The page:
We all need a purpose, something we believe in and often work ticks that box for a lot of us. Use that to your advantage, create a culture you feel proud to be a part of, reinforce that pride through recognition. Don’t give vouchers when someone does something great – what lasting value does this really have and how does this really make someone feel?

Our founder Obert Tanner once said: “One could say we sell two values: the value of beauty and the value of kindness. The kindness is a company’s willingness to recognize, with dignity, an individual for what he or she has given to that company. After all, giving the productive years of one’s life, the daylight hours of each working day – this is the ultimate that an individual may give to any company.”

The beauty for Kelly was in the ring – the symbol of her journey, her tireless commitment to her vision of becoming a true Olympian. What would inspire you to get out of bed every day? To go to work? To make a difference? We create emotional connections with things we can touch and feel. We remember the moment it was given to us and why. We share stories with colleagues, friends and family. It becomes part of our legacy. Think about the journey your employees go on in your organization and how you can make that journey special and meaningful with amazing memories of human connection along the way.

Thank you Kelly for inspiring us with your story and for reminding me why I work for a great company! (and apologies if I got any of the story wrong!!!!)

You are nothing without your people – how do you let them know?

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My job is to try and connect with people. To create relationships. To find commonalities. To share insights and to help move things forward for the better. This is what motivates me. People. I work for a recognition company. We love saying thank you as individuals and as a company. We believe in it. We work here because we fit within the culture and we live and breathe it every day. Recognition and appreciation for us is easy to quantify and when you get it, it’s obvious.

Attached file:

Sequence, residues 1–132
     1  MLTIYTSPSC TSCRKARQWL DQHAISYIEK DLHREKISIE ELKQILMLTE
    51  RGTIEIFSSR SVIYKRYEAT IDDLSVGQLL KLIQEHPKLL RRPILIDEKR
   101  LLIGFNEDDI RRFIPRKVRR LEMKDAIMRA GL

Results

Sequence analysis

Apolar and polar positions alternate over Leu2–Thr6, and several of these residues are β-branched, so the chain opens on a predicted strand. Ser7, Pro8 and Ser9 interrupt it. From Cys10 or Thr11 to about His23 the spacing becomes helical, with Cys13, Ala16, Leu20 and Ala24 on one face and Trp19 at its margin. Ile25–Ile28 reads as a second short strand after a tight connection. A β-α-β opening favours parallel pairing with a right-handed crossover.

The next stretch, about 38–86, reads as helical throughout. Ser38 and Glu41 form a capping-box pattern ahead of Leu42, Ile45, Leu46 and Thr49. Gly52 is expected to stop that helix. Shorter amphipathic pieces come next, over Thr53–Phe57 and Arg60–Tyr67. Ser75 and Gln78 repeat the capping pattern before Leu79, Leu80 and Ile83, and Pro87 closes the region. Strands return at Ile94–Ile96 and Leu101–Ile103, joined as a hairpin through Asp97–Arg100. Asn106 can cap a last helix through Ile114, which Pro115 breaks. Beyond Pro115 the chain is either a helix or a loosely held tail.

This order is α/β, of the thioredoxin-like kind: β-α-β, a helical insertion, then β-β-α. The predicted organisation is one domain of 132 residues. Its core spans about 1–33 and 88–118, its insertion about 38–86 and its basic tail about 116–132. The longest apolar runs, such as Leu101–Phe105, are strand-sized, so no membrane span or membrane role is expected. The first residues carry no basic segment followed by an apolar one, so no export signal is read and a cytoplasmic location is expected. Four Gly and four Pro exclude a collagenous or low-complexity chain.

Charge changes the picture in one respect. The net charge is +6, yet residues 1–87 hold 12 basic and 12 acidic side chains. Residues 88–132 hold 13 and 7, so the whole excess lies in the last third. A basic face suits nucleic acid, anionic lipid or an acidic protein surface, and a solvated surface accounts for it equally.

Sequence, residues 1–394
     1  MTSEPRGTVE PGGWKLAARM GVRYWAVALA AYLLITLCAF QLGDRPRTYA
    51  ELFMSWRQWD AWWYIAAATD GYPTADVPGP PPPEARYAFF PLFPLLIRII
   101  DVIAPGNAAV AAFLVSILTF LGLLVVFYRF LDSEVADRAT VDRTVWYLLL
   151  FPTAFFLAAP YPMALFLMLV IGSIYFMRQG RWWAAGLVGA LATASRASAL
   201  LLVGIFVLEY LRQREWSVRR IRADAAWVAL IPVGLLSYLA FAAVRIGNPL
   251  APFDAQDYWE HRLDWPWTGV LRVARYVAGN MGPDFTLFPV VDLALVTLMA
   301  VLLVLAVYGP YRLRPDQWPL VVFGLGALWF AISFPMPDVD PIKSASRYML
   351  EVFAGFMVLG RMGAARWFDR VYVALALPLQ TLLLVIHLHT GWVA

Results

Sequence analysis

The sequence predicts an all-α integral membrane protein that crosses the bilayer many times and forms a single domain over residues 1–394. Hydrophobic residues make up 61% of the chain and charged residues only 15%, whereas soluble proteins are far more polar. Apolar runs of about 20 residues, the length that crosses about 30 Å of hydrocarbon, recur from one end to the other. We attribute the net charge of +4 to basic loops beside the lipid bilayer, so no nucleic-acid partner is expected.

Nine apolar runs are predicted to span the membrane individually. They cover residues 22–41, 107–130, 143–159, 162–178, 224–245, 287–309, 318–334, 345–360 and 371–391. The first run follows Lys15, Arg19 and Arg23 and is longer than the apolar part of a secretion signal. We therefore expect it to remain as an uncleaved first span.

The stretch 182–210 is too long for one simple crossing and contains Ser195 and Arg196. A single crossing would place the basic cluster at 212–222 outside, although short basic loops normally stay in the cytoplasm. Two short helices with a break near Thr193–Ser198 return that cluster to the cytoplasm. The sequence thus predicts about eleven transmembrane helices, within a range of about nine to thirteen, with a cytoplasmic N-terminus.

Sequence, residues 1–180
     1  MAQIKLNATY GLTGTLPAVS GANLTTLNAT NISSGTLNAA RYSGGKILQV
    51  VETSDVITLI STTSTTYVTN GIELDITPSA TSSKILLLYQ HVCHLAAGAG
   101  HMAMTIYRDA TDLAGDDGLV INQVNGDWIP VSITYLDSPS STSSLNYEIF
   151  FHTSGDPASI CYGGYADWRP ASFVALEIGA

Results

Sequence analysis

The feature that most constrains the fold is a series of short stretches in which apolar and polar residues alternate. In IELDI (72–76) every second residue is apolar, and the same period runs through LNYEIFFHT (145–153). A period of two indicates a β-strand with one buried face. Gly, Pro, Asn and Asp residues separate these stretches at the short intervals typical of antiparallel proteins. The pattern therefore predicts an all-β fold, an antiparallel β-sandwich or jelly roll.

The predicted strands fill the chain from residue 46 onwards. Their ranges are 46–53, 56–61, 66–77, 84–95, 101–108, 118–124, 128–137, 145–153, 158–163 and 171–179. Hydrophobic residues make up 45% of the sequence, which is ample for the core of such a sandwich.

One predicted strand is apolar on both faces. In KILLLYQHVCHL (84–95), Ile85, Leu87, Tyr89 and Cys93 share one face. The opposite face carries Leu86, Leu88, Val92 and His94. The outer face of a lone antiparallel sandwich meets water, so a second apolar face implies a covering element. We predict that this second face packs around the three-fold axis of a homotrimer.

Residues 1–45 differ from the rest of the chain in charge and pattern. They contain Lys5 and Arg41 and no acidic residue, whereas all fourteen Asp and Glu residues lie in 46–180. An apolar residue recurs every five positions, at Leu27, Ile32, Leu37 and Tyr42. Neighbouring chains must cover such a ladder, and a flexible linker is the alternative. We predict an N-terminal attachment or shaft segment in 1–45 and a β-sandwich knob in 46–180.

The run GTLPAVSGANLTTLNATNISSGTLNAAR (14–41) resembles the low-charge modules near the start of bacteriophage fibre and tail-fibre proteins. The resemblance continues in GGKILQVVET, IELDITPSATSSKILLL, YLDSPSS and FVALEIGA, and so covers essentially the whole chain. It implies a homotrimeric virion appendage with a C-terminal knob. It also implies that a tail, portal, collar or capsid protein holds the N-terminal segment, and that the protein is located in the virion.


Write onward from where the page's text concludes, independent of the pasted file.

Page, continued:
How do you know that you are the right fit for your company? 86% of people leave in their first year or become actively disengaged. Why? Is this because of false expectations in the interview process? Is it because you started work and realized that it wasn’t what you thought it was? How do you know that you are on track? How do you know you are valued? How do you know that you make a difference? What is great work in your organization and how do you know when you’ve done it? How does your company celebrate success? What opportunities do you have to develop and grow? What does good look like?

The simple act of recognizing people for what they bring to the table can change a person’s day, week, month, year. It says to them – we noticed, we value you and we want to celebrate all that you are. It’s knowing your team well enough to recognize when they’re struggling and being compassionate and caring enough to say ‘go and spend the day with your family’. It’s being clear about what ‘living the values’ really means and taking the time to explain this to people at all levels of your organization. It’s training managers to be consistent and fair in how they give the recognition, supporting them when they need it and giving them the tools to make this is as simple, quick and easy as possible. Recognition shifts the balance of the conversations you are having every day to the positive. We need to do more of it…every day! Simply thanks!